A Belgium tapestry, a Napoleonic chest, an 18th-century Swedish classical mirror, a Dutch marquetry miniature cabinet, and an Italian table make up just a handful of the treasures that fill the elegant rooms in the Highland Park condominium of Chris Carter and John Dorsett. After downsizing from a house with an abundance of square footage, Chris, a former antiques dealer, had to make some hard choices, but the pieces he kept are very special to him. They include family heirlooms, antiques of varying periods and provenances, pieces he bought on travels with his grandmother, and newer items that Chris just likes. Guests are treated to a host of fascinating stories about the furnishings and art. But visitors at Christmastime, when the house is bedecked by Chris’s longtime friend and floral designer Sybil Sylvester, experience something even more unforgettable. “Sybil fills our home with fresh flowers, greenery, and satin ribbons,” says Chris. “And last year, visitors on the Independent Presbyterian Church Holiday Home Tour got to view her amazing work inside our home.”
In the entry, an outstanding gilt mirror and an Empire chest and chairs, set against metallic gold Nina wallpaper, welcome guests and give a hint of what’s to come inside. A turn into the living room reveals a glorious presentation of coral-colored ribbons, abundant roses, lush greenery, and amaryllis. “The coral hue really stands out against the green walls, and the red florals tie in with the décor,” says Chris. For the dining room, the palette switches to jewel tones of teal and purple paired with chartreuse silk ribbons. “I pulled these rich shades from the beautiful rug,” says Sybil. “We also used these colors in the tablescape, as well as for the ornaments hanging from the chandelier, the sconces, and the candles.”
Throughout all the rooms, Sybil used Chris’s existing pieces to hold lush, textural, and colorful arrangements, taking care to line them or use water picks to protect the antiques. In her capable hands, a white soup tureen is perfect for lilies of the valley that appear to grow out of a bed of purple allium and green dianthus. “Sybil even placed a specially wrapped package on each child’s chair in my collection,” says Chris. Delicate satin ribbon tied to a handmade mini garland hangs between two urns in the master bedroom. To balance out the abundance of floral décor, the designer added simple, classic boxwood wreaths that adorn candelabra, mirrors, and a wooden statue in the den, along with mixed evergreen garland that festoons the crown molding and tops of mirrors. Best of all, Sybil and Chris had a grand time planning and putting it all together. As Sybil notes, “There was nothing more fun than helping one of my dearest friends put his best face forward at Christmastime!”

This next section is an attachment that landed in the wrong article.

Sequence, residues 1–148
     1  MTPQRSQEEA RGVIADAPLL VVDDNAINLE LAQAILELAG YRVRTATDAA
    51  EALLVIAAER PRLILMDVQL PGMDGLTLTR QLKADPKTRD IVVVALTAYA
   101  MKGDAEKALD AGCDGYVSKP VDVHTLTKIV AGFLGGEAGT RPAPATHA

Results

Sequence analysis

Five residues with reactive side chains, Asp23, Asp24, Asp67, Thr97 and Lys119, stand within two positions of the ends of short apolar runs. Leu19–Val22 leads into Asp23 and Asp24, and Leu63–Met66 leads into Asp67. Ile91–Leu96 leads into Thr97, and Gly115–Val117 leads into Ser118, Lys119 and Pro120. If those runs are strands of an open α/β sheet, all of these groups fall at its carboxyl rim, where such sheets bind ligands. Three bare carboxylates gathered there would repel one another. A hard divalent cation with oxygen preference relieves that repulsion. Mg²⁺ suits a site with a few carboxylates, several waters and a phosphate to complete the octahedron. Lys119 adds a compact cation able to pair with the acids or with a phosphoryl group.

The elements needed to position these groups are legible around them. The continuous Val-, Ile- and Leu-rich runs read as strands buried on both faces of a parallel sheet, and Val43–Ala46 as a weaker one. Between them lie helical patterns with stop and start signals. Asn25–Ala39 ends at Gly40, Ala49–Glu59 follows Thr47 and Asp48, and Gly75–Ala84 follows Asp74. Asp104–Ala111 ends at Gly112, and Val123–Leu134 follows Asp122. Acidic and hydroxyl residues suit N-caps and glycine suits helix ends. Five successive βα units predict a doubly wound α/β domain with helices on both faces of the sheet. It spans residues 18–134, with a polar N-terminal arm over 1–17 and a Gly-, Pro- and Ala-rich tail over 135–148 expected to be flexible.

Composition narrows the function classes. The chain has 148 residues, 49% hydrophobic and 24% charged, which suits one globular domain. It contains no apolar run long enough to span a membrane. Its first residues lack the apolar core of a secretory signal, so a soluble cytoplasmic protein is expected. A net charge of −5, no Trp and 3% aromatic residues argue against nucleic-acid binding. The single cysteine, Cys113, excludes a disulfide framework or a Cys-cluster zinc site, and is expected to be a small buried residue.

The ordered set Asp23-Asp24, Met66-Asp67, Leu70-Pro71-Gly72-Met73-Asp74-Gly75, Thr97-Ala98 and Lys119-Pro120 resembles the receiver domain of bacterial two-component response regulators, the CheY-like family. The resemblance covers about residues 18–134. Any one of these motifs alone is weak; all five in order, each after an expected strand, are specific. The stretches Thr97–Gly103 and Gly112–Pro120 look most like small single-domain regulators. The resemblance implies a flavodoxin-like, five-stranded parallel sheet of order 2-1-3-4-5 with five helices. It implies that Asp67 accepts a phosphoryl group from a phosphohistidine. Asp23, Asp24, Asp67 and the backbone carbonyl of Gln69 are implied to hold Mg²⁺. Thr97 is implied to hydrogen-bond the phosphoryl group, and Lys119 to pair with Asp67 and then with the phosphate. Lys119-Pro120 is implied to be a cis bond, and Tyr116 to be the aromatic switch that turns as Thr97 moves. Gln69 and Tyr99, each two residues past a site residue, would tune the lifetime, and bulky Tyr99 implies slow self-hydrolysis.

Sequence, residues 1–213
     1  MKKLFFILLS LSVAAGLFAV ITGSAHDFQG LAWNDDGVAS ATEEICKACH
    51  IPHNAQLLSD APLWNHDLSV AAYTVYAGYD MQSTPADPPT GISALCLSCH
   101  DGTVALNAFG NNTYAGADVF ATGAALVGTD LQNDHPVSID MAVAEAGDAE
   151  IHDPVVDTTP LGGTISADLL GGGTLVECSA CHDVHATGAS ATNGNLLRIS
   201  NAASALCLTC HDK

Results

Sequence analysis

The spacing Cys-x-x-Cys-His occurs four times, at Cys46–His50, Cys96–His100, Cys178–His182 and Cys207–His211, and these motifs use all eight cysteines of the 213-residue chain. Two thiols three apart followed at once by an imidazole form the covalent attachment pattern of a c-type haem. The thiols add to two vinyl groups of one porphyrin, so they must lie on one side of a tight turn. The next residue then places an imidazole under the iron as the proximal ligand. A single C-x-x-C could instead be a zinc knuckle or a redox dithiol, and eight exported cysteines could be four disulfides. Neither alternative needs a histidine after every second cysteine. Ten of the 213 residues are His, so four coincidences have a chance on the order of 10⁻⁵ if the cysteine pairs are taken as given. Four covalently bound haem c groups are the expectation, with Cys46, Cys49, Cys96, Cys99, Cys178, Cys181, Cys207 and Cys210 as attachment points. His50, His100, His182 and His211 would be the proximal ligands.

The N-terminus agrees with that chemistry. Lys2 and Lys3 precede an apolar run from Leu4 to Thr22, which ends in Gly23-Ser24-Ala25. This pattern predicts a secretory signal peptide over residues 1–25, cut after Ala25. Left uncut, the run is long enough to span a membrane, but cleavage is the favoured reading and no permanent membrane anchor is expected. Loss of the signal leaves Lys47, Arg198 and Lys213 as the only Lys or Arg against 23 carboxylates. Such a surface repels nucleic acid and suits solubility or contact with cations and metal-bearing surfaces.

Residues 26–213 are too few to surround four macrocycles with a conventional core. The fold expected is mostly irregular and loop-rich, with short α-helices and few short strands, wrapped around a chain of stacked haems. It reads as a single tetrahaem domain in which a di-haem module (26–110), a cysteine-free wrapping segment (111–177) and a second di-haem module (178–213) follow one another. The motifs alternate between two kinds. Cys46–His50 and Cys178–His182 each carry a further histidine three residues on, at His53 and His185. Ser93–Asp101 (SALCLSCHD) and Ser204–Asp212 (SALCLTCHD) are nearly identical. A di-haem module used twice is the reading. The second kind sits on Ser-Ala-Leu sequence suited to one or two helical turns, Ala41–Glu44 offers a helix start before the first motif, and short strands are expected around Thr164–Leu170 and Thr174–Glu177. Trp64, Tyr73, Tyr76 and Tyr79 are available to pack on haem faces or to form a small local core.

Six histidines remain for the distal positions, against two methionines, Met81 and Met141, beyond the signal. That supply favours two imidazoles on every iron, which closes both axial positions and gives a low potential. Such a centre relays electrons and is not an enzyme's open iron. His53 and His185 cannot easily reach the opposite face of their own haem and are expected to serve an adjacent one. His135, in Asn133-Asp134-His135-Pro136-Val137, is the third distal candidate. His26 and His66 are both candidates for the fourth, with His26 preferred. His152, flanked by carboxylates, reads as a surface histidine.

Although we all want to get the decorations up early in the month, I recommend waiting to put greenery inside until the middle of December so it does not dry out and lose its beauty. I know it’s hard to wait, so placate yourself by decorating the outside of your home with wreaths and garlands at the beginning of the month.
Step outside your house and gather greenery, vines, berries, and branches. You’ll save money, and the just-plucked items from your yard will be fresher than those from the nursery—and they may last longer.
For Chris’s home, “more is more” worked because of the style of his interiors. However, if your décor is more contemporary, keep it simple and use a lot of greenery, ivy, and magnolia leaves. I like to spray-paint them in metallic finishes—silver, copper, or gold. Mix the sprayed pieces in with the evergreens for a subtle shine.
If you are entertaining a crowd, you want to make sure your decorations are visible. That’s why we hung the garland on the crown molding in the living room and decorated the tops of mirrors and the chandelier in the dining room. The height allows everyone in the room to see the festive décor.
As far as the color palette, anything goes these days! Last year, we did an ombre Christmas tree. It started out white on the bottom, then went to pink, peach, coral, and finally white on top. And you don’t have to do the same thing every year. Experiment and have fun—that’s the most important part!
Designer: Chris Carter, 205.908.9566; Floral design/holiday décor: Sybil Sylvester, Wildflower Designs, wildflowerdesigns.net, 205.229.2416